By Monica Alonzo
By Stephen Lemons
By Jason P. Woodbury
By Dulce Paloma Baltazar Pedraza
By Ray Stern
By Pete Kotz
By Monica Alonzo
By New Times
Growing up, Wayne would skip classes to sneak onto strangers' pool decks to get a tan. He squandered the possibility of a college scholarship in discus by dropping out of high school in his junior year. He stole TVs from hotel rooms and took out car loans he had no intention of repaying. In his mid-20s, he grew tired of life in the Valley and left for Santa Monica, California, where he began training at the original Gold's Gym. There, he ran into Arnold Schwarzenegger, and the two became friends.
Wayne drove with Schwarzenegger to Santa Monica Community College to help Schwarzenegger sign up for business-management courses in the late '60s. Schwarzenegger invited Wayne to join him at college, but the future "Superstar Billy Graham" was not interested. Schwarzenegger would invite Wayne to invest in Gold's Gym a decade later, but Wayne instead took his money and commissioned a painting of himself holding a tiger by its leash in outer space, with a Star Wars-esque "Superstar" spelled out in the foreground. He took out an ad in Starlog magazine for posters of the painting, which did not sell and were repossessed when he could not afford the warehousing fees.
A friend of Coleman's, Bob Lueck, suggested he try out for the Oakland Raiders in 1968, which he did, but he did not make the team. Coleman tried out for the Houston Oilers, too, but did not make that squad, either. Lueck next suggested he go to Calgary to play for the Stampeders in the Canadian Football League. Wayne tried out but was cut in preseason and signed by the Montreal Alouettes, who played him in five games at defensive end before letting him go.
"I don't think I had the heart for it," Wayne says today, laughing. "I didn't mind the contact. I didn't mind hitting people. I didn't like getting hit back."
After Coleman's release, he returned home, where Lueck, who had moonlit as a wrestler in Calgary during off-seasons with the Stampeders, recommended he get into the "easy money" world of professional wrestling. The wrestler says he responded, "Easy money? I could always use easy money," and he headed back to Calgary "on a whim."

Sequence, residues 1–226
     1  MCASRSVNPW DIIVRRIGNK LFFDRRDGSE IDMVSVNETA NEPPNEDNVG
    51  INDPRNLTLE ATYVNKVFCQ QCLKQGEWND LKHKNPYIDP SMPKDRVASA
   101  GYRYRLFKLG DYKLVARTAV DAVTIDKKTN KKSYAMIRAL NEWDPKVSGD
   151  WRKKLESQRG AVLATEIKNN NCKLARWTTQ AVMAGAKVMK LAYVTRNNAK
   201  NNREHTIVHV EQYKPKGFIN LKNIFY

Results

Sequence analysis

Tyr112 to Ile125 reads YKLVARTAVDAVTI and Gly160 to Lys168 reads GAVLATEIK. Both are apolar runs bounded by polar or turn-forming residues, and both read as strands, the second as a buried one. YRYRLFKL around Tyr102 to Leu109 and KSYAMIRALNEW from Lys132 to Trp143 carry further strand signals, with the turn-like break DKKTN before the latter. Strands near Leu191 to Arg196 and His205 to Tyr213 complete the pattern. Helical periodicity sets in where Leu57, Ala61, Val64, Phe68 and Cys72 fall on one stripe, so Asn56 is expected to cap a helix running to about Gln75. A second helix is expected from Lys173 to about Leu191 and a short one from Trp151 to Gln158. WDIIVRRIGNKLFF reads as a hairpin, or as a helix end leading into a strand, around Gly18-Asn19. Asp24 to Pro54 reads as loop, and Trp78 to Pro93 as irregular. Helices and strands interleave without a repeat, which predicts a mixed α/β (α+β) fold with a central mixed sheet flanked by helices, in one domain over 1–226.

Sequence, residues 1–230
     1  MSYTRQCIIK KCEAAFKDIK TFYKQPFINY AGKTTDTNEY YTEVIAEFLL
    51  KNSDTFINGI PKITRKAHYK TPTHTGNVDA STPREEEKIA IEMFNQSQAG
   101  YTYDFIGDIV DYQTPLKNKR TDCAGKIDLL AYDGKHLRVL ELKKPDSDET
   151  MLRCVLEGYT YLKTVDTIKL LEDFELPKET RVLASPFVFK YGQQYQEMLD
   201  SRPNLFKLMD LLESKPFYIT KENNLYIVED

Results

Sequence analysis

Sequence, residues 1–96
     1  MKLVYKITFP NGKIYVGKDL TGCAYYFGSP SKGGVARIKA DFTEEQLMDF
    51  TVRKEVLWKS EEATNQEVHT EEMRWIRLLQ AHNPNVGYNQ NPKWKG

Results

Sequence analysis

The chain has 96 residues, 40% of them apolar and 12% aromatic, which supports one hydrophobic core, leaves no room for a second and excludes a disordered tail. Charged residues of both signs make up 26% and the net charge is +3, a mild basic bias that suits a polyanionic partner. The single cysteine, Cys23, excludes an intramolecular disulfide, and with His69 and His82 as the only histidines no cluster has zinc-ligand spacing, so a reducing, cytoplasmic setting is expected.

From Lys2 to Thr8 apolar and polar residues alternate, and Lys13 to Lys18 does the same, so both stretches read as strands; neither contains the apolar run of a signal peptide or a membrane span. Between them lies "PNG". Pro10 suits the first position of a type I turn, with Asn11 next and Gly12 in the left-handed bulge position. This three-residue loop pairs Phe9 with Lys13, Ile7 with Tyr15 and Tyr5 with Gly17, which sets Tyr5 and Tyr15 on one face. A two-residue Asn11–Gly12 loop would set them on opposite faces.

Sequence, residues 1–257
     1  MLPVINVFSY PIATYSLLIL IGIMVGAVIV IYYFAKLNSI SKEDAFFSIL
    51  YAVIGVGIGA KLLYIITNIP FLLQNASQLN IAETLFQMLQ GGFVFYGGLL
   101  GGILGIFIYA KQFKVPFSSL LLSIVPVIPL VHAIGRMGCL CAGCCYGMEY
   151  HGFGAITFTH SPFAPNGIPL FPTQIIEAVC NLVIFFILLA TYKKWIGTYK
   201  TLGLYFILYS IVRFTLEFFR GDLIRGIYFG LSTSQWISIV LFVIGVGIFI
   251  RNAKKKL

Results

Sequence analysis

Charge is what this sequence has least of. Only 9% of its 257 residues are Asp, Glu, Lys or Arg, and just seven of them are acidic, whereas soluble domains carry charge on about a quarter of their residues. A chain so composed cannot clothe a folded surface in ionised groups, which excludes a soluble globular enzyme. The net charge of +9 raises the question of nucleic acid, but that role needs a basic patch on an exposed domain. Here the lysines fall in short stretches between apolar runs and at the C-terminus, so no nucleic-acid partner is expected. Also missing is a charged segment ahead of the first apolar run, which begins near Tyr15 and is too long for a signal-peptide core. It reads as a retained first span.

He had been a wrestling fan as a child, watching it on the DuMont network in the 1950s and admiring a wrestler named Sky High Lee, who ate light bulbs.
"I was mesmerized by him," he remembers. But he was not, as many wrestlers are at the beginning of their careers, a starry-eyed kid looking to fulfill a childhood fantasy. He wanted to get paid.
Stu Hart owned Stampede Wrestling in Calgary and a mansion where he ran a wrestling school in the basement. The small filthy room was known as "The Dungeon," because howls of pain pierced through its walls at all hours. Hart was known for "stretching" anyone who came to train with him, locking them into legitimate submission holds until they screamed. The future Superstar Billy Graham was no exception, as Hart "maimed" and "abused" him "without mercy."
The experience almost caused the Arizona kid to quit before he got started.
"I had my doubts in the dungeon. 'What is this about? Man, this guy Stu Hart is working me over pretty good,'" he recalls. "But once I got to the arena and saw the actual matches, felt the aura of the fans and the reaction of the fans to the wrestlers, it was like magic to me. Man, this is cool! This is really cool! And, then, I said, 'This is it. I got it; it's entertainment.'"
After two weeks in the Dungeon, he was introduced to the fans in Calgary, who laughed at his abysmal wrestling skills. He did not know the difference between a wristlock and a wristwatch, as wrestling commentator Gorilla Monsoon would say. To cover his inadequacies as an in-ring performer, Stampede ran an angle where Coleman would challenge people in the crowd to arm-wrestling matches, beat them, and then flex his muscles. It got the crowd to react and gave him his first measure of success.
But he hated Calgary and returned to Phoenix. Back home, he met his first mentor — an ex-wrestler turned promoter called "Dr. Jerry Graham," who had, at that point, been excommunicated from the wrestling business for erratic and drunken behavior that had landed him in an insane asylum.
Dr. Graham was the patriarch of a famous fictitious wrestling family called the Golden Grahams. He decided to revive the gimmick and invited Wayne Coleman to be his long-lost brother, Billy, a name Wayne chose out of respect for televangelist Billy Graham.
They began promoting shows at Indian reservations in Arizona, the idea being that Native American crowds were easy money, uninterested in fancy technical matches or elaborate morality tales.
"The Indians don't need much," Dr. Graham advised Billy. "[But the Indians] like color," so the wrestlers would slice each other's foreheads with razor blades and call it a match. Graham remembers making $500 for 25 minutes of work at the Navajo Nation.
Dealing with the Indians wasn't always easy. After a chief on the Apache reservation refused to pay the troupe, they decided to head for Mike LeBell's Los Angeles promotion to find work. Billy Graham would perform the same arm-wrestling gimmick there that he had in Calgary, since he was still too green to do much wrestling. Dr. Graham eventually was fired by LeBell for tearing apart a few bars in Los Angeles, leaving Billy without a mentor. Frustrated with low payoffs, Billy decided to leave for San Francisco to work for Roy Shire. There, he says, is where he learned to be a star performer.